Updated: Feb 5, 2018
On December 22, 2017, President Trump signed into law the Tax Cuts and Jobs Act (TCJA), the most comprehensive piece of tax reform since the Bush era tax cuts circa 2001-2003. Among the most significant changes affecting individual taxpayers were a lowering of the marginal tax brackets, an almost doubling of the standard deduction, suspension of personal exemptions, and an increase in the child tax credit along with more generous income thresholds to be able to take advantage of the credit.
As a retirement planning practitioner, I was concerned that, after years of being on the proverbial chopping block, the inherited IRA rules allowing non-spousal beneficiaries to stretch distributions over a period based upon their life expectancy would be eliminated and give way to only a 5-year period. Surprisingly, the inherited IRA was left alone and, at least for now, remains intact.
However, much to my chagrin, the Roth conversion was not left completely unscathed under the TCJA. Conversions to a Roth IRA from either an employer-sponsored plan or a traditional IRA have been used over the years as a powerful tax diversification tool. While the converted amount is subject to ordinary income tax upon conversion, in theory, now you have taken a pre-tax retirement vehicle and made at least a portion of it eligible for tax free distributions later by converting to a Roth IRA. Not only is a qualifying Roth IRA distribution tax free, balances in Roth IRAs are not subject to lifetime RMDs AND distributions to beneficiaries upon death may be distributed, in most cases, tax free over many years.
Roth conversions themselves are still alive and well. But under TCJA, the ability to rechactacterize a Roth conversion by October 15th of the year following the conversion was permanently repealed in 2018 and beyond. Recharacterization allows an individual to take more risk per se because the ability to change his/her mind later and send the converted amount plus earnings back to its original home meant that if there was a significant market loss on the converted amount or the individual’s tax situation changed, the conversion could be undone thereby eliminating the taxes due on the conversion.
The fact that recharacterization is no longer permitted doesn’t mean that the Roth conversion isn’t still a powerful tax diversification strategy. It just means that more time and consideration should be given to the potential outcome if circumstances change post-conversion. It may make more sense to wait until closer to year end when one’s tax picture is more clearly defined and less likely to change substantially. Smaller conversions over several years to mitigate the risk of a large tax bill all at once is always an option as well.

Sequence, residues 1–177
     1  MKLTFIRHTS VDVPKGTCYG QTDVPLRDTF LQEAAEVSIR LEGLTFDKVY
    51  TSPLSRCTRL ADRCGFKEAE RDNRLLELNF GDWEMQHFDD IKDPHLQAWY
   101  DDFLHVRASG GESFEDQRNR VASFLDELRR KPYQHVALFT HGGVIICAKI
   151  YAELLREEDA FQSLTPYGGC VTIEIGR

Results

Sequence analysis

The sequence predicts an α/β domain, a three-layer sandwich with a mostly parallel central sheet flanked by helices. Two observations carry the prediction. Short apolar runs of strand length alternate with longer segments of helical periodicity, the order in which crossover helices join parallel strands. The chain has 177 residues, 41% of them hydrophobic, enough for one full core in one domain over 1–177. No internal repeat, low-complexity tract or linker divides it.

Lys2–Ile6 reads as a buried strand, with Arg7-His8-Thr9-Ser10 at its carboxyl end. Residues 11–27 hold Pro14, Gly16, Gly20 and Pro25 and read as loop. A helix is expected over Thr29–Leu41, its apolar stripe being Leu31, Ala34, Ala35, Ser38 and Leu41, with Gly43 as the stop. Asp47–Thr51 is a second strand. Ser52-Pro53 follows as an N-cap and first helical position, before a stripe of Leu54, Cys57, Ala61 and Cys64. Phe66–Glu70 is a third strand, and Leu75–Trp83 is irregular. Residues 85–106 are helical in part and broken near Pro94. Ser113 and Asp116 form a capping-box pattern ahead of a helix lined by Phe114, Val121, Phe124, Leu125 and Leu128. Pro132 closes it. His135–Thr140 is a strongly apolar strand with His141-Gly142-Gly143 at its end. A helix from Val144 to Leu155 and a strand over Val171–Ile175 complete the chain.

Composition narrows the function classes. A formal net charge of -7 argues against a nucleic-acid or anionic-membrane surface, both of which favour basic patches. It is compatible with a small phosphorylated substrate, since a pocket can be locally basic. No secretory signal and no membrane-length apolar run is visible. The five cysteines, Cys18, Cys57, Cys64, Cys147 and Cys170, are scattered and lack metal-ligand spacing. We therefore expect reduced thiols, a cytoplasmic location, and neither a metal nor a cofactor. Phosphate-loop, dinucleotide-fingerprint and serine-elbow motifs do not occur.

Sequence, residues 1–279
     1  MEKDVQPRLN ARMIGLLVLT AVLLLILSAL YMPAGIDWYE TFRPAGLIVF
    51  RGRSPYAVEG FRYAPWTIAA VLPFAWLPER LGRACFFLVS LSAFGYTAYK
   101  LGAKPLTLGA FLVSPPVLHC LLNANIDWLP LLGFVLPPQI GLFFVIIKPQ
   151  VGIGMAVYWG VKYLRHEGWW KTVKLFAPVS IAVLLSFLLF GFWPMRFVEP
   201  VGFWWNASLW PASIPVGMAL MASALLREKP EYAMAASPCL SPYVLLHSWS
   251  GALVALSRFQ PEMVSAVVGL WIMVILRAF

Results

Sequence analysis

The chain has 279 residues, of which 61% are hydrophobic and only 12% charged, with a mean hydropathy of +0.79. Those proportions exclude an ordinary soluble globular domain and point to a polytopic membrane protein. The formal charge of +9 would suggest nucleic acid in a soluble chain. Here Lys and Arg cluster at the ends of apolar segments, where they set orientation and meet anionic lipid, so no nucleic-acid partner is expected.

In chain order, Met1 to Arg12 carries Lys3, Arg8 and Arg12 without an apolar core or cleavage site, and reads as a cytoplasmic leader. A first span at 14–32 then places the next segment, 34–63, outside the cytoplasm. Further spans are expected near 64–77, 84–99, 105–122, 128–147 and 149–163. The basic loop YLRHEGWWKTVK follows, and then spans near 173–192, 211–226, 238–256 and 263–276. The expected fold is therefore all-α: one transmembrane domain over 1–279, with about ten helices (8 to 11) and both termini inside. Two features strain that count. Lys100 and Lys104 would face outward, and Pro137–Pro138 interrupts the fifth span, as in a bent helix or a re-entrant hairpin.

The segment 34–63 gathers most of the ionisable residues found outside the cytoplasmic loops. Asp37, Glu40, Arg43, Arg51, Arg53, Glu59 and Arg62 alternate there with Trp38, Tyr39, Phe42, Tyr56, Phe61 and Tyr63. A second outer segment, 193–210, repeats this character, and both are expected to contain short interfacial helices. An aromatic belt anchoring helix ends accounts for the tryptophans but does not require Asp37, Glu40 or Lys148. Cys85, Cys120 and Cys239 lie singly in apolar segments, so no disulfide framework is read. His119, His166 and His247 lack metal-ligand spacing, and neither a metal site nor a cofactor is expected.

A couple of things worthy of mention are these. First, IRS has verbally indicated on more than one occasion that conversions that occurred in 2017 are still eligible to elect to recharacterize by October 15, 2018. So, if you have clients who converted in 2017, it’s a good idea to reach out and make sure that they are comfortable with the decision to convert and have the means to pay the taxes due on the conversion. This is their last chance to get a do-over.
Second, the repeal of recharacterization only extends to Roth conversions and not to amounts contributed to either a traditional IRA or Roth IRA. For example, let’s say I contribute $5500 to my traditional IRA for 2017 only to discover that I was ineligible to deduct it but still meet the income thresholds to contribute the same $5500 to a Roth IRA. I elect to recharacterize my contribution originally made to my traditional IRA to a Roth IRA. The only stipulation is that I also must recharacterize any earnings on the contributed amount with it. My deadline to do this is my tax filing deadline, plus extensions.
Make no mistake. The Roth conversion can still be a powerful tool to add to an overall retirement income planning strategy or as part of a legacy plan. Clients just need to proceed with greater caution in 2018 and beyond.
HLS Retirement Consulting, LLC is an independent consulting firm and is not affiliated with any other company and does not endorse or recommend investment products. Consulting provided herein should not be construed as tax or legal advice. Your clients should always seek guidance from their tax or legal counsel prior to following a proposed course of action.